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A short time later, the first asynchronous task, started in Option2_Step1(), completes and execution is started back up for that method, which results in checkpoint #2 being written out.  Then finally, the asynchronous task that was started in Option2_Step2() completes, and execution is started back up for that method, which results in checkpoint #5 being written out.

***

What I came to realize was that the methods I was using "async" on – Option2_Step1() and Option2_Step2() – formed a kind of "bubble".  Things within the bubble would be executed serially, but asynchronously. 

The serial part means that checkpoint 1 would always be reached out before checkpoint 2, and checkpoint 4 would always be reached before checkpoint 5. 

The asynchronous part means when the execution reaches the first work item (between checkpoints 1 and 2) the await keyword tells .NET to start that work, AND THEN RETURN AND KEEP GOING with the rest of the program – in this case, it would return to the Option2() method, print out checkpoint 3, etc.  In other words, when things inside the bubble are paused, control is passed back, to whatever called the bubble.

This is where the "doesn’t block" facet comes into play – when something asynchronous is started .NET will return control to the calling method, putting the current method on pause (so to speak).  When the work item is finished, .NET will start that method back up again, right where it left off.

So, how can I ensure that Step1 will complete before Step2 does?  The solution I landed on was to move the asynchronous nature of this program up a level:

        private static async void Option3()
        {
            await Option3_Step1();
            Console.WriteLine("3");
            await Option3_Step2();
            Console.WriteLine("6");
        }
        private static async Task Option3_Step1()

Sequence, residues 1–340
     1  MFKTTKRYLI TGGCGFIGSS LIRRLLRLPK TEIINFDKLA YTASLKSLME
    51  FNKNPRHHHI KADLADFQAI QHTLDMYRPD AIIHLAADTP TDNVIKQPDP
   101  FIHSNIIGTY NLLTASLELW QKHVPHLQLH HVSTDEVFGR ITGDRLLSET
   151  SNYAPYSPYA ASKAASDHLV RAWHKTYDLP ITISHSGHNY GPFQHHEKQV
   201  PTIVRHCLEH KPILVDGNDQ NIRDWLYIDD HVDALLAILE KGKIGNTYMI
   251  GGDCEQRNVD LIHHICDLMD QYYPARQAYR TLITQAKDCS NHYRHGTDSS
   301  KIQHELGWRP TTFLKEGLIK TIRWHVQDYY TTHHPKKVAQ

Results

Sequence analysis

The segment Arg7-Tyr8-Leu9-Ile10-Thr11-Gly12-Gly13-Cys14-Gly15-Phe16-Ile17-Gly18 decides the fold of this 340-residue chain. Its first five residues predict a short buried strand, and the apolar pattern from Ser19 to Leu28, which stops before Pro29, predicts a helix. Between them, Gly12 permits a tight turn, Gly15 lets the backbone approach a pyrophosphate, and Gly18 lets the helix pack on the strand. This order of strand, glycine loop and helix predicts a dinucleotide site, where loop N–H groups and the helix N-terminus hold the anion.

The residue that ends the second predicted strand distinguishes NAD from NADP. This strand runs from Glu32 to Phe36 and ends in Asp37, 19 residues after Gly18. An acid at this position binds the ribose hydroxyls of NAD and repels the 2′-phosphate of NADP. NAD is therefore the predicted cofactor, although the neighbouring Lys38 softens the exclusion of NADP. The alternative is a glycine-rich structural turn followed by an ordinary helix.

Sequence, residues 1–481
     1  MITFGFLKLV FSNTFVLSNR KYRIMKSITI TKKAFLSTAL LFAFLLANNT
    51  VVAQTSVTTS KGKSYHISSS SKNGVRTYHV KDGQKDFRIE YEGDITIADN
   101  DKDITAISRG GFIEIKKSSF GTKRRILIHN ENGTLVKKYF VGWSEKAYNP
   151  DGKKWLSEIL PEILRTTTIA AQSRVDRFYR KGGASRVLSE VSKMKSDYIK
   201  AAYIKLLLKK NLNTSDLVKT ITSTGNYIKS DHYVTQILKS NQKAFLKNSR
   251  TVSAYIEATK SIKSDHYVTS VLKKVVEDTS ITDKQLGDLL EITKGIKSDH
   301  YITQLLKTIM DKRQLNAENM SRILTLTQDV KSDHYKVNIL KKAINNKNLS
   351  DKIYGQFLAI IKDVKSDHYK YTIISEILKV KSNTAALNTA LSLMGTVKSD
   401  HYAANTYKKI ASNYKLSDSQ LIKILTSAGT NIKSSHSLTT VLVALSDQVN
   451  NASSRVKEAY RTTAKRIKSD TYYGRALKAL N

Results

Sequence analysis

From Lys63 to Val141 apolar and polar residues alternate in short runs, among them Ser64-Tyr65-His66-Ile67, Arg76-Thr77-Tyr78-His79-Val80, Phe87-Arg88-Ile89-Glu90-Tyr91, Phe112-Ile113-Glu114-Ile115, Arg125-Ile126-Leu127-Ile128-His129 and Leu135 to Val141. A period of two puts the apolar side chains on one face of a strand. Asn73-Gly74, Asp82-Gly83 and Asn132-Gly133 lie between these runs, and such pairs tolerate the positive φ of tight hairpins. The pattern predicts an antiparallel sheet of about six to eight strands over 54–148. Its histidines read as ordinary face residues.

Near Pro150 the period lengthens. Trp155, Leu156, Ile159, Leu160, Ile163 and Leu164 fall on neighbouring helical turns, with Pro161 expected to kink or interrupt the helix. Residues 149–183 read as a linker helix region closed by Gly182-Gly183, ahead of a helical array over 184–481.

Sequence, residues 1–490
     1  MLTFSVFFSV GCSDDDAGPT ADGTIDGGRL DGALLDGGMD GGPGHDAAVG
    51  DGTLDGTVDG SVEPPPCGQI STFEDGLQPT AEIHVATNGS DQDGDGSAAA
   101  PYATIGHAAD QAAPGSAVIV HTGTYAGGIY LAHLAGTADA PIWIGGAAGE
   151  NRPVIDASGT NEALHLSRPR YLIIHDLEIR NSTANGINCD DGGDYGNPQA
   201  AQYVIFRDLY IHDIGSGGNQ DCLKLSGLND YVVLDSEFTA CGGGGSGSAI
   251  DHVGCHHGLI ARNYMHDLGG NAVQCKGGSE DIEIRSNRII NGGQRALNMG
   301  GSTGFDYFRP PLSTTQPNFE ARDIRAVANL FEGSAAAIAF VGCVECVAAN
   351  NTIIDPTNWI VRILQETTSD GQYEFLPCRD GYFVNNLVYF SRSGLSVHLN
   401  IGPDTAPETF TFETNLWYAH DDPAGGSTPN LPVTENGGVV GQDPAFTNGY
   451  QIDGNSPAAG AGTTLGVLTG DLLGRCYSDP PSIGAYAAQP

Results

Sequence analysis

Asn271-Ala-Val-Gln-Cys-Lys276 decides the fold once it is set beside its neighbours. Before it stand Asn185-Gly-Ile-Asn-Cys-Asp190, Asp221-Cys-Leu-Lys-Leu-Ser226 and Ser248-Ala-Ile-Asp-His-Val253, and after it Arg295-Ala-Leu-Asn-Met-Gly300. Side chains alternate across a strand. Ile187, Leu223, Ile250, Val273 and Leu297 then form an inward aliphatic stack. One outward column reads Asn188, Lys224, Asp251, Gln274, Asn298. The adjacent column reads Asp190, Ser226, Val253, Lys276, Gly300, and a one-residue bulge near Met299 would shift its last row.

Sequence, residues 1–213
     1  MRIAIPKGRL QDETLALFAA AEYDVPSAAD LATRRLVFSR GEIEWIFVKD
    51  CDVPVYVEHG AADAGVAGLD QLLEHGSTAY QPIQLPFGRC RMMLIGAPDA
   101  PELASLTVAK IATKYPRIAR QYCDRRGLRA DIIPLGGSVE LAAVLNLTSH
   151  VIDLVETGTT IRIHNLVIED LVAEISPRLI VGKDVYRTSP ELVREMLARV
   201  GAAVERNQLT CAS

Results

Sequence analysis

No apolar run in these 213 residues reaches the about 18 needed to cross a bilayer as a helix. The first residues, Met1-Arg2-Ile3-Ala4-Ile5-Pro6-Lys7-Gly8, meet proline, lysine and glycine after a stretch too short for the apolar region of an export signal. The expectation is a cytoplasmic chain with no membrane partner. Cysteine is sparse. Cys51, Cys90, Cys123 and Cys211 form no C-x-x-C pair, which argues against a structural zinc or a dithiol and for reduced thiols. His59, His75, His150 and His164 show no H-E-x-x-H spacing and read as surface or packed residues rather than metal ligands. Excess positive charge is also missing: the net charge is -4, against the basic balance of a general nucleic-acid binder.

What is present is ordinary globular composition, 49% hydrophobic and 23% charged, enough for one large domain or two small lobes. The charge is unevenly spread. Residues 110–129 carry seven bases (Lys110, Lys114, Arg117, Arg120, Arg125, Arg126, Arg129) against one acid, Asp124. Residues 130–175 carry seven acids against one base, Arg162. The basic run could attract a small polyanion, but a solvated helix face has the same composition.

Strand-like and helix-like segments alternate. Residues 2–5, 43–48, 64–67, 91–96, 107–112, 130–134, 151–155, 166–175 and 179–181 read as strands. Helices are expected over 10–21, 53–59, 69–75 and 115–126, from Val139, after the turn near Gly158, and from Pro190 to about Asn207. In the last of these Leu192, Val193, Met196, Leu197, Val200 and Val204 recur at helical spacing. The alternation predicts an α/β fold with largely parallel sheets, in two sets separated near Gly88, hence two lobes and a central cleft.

{
            Console.WriteLine("1");
            await DoSomeAsynchronousWork(500);
            Console.WriteLine("2");
        }
        private static async Task Option3_Step2()
        {
            Console.WriteLine("4");
            await DoSomeAsynchronousWork(500);
            Console.WriteLine("5");
        }

Here, I’ve declared Option3() – the top level function – async as well.  With that in place, Option3_Step1() and Option3_Step2() should be called serially.  As before, Main() calls Option3(), and we begin by calling Option3_Step1().

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That immediately leads to the first checkpoint.

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And the first asynchronous piece of work.

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Which means execution of Option3_Step1() is now paused, and control is returned to the calling function, Option3().  However, since we’re awaiting Optino3_Step1(), control is passed out ANOTHER level, back to Main(), where it prints out the "Press [Enter] to run again." prompt, and waits for the user to press "Enter".  At that point, there is nothing more that can be done, so the entire program waits.

When our first bit of asynchronous work completes, it picks back up where it left off Option3_Step1():

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Which means checkpoint 2 is now printed out.  That’s the end of Option3_Step1(), so it returns to Option3(), prints out checkpoint 3, and begins execution of Option3_Step2():

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Checkpoint 4 is printed out, and then the second bit of asynchronous work is started.

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Again, execution is paused here, and control is returned to the calling function, Option3(), and then paused there and again passed back to Main().  Since the rest of Main() has already executed, nothing more happens.  The program is simply paused until the second piece of asynchronous work is completed.

When it completes, Option3_Step2() picks back up, and checkpoint 5 is written out.

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And then checkpoint 6.

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Here is the output, in aggregate:

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So, by making Option3() asynchronous as well, we eliminate most of the unexpected behavior – things, for the most part, happen in order*.  In fact, doing this drives home another point that Cleary made in an MDSN article titled "Best Practices in Asynchronous Programming": trying to mix synchronous and asynchronous code is tricky at best.  It’s better to make something asynchronous "all the way down".

The full solution for the sample used here can be found in the AsyncAndAwait.zip archive at http://Tinyurl.com/MarkGilbertSource.  You’ll need Visual Studio 2012 Update 3 to run it (I built it using the Express version).

 

 

* For the purposes of this demonstration, the “Press [Enter] to run again.” is executing out of order.  In my real program, the Main() routine didn’t have anything else to do other than wait for the steps to complete, so on the surface appeared a lot less weird.  Control was still being passed back to the Main() however, and I would have to be very careful about adding anything to my program.

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July 1, 2013 - Posted by | Visual Studio/.NET